This is a long fantasy novel broken up into 16 parts and originally published in four shorter novel, each one about 275 pages. The book begins with a brief introduction from a researcher in medieval texts telling us that he will be presenting a new groundbreaking translation of a medieval text (from Latin and French) from the late 1400s. This text is a new translation and he makes references to several older versions and gives us a basic run down of the process and results of those books. We are reading both his notes, his correspondence with his editor and other key figures, and we are reading his translation of the text. This extra material is very much part of the process and point of the book and provides a lot of funny and interesting commentary on the main narrative as well. His translation is of “Ash”, a narrative of a young mercenary captain working in and around the various warring factions of the Holy Roman Empire in the 1400s. She’s 20 at the time of our story and is both a lot like and nothing like Joan of Arc in turns.
Once we get to the actual book itself, we begin with an early introduction to Ash by seeing a few scenes of her childhood. She is a child of the streets, awash with violence, and once we get to the present, we see that she’s grown into a competent, sour-mouthed, military commander, a bit reckless, but also playing the game of mercenary politics.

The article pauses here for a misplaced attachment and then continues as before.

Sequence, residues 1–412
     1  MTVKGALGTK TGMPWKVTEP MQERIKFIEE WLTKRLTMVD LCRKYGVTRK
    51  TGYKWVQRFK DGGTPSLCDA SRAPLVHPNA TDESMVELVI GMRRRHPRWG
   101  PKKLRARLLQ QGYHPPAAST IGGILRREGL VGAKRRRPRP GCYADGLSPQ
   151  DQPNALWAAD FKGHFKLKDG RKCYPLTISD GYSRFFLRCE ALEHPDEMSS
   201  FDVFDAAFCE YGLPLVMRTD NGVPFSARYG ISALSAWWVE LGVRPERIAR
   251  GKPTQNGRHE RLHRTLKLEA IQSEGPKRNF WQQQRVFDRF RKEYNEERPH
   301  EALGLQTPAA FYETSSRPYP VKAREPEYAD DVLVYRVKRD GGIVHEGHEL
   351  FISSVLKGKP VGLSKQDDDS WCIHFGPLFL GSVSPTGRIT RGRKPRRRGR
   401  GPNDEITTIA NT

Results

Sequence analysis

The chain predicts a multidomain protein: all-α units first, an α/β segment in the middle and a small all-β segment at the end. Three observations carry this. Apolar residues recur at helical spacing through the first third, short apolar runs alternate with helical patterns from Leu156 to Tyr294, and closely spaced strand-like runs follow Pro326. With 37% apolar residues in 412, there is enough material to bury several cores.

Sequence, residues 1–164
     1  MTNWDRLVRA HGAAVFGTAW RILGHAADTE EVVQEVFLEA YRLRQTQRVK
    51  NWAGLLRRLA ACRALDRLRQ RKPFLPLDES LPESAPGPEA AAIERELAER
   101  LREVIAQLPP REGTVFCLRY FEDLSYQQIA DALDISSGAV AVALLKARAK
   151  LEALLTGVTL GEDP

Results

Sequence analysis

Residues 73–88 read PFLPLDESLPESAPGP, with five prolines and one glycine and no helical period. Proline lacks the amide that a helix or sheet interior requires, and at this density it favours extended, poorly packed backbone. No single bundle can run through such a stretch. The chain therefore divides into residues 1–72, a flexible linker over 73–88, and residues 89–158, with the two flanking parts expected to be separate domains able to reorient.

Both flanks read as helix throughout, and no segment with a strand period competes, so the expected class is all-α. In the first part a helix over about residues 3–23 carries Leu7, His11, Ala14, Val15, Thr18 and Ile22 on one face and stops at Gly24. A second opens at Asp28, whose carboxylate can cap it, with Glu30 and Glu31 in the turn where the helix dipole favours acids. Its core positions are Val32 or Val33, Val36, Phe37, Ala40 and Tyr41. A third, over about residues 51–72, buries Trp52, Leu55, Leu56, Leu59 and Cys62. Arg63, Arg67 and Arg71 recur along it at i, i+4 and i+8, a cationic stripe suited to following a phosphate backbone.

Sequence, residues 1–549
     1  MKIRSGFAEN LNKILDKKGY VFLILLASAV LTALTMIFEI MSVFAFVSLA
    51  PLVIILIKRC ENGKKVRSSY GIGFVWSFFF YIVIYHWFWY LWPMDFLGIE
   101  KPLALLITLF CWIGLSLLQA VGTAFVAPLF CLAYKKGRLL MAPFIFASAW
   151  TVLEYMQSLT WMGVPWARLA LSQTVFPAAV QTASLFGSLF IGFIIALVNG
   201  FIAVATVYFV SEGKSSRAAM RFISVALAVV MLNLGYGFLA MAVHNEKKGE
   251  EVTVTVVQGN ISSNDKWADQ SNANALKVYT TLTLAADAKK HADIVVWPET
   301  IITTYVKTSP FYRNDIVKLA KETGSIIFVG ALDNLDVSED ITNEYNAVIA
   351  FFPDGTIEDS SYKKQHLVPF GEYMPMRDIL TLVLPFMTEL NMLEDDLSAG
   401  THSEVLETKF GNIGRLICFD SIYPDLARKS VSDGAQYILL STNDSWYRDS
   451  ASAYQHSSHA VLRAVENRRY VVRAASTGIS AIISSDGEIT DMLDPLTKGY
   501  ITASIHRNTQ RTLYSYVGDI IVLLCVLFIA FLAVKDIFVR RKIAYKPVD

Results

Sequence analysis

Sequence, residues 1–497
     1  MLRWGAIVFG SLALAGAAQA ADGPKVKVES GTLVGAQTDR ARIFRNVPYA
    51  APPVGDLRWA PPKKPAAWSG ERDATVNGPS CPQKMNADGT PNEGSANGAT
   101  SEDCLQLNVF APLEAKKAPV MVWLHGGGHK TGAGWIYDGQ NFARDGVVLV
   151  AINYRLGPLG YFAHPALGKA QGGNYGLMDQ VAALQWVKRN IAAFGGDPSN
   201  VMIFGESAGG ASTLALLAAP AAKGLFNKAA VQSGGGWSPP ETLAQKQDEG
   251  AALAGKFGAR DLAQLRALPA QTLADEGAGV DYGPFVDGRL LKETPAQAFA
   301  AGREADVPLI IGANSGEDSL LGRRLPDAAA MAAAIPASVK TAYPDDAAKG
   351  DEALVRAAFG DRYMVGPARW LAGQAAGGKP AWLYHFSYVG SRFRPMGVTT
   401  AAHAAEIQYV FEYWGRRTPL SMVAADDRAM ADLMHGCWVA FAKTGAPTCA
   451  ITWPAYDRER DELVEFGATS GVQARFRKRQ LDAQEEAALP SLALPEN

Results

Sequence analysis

The opening book (and I assume this mostly carries through — I am “live blogging” my reading) is like….what if Jeanette Winterson wrote a 1000 page novel of Assassin’s Creed, with the intrusions from the contemporary. There’s a back and forth discussion of the narrative between the translator discussing various language choices. He discusses how he updates curse words and makes the narrative make more sense.
Toward the middle of the first book, we end a long section with the reveal that a) the Turks have invaded Italy (apparently something unknown — (and didn’t happen really), b) they had golems (or robots or automatons). His editor is shocked and asked him to explain. He reports he’s only translating. A later archeological find in the world of 2000 seems to confirm this (or does it? — we’re left pretty well outside of things by the structure of the novel). In a later part of Book 1, we are also treated to the seeming blacking out of the sun — at a time of no recorded eclipse. The editor has further questions, and so do we.
Book Two continues on where we left off. One of the biggest changes from this book from book one is not so much the action of Ash herself, which continues forward, but within the publishers and scholars and how they are understanding and presenting the information. This shift from new story and new ideas to understanding creates a kind of pincer narrative in which we’re now starting to getting the two different storylines — even though the modern on is incredibly thin in comparison — are converging, especially given that the writing and translating is paired with the archaeological dig.
The effect for me then is sort of the opposite of Possession by AS Byatt in which the literary scholarship is primary and the text secondary. This is the inverse — the text is forward and the commentary secondary. I am not entirely sure the book needs the commentary at all to function, but its adds a sense of depth and veracity to it that feels playful.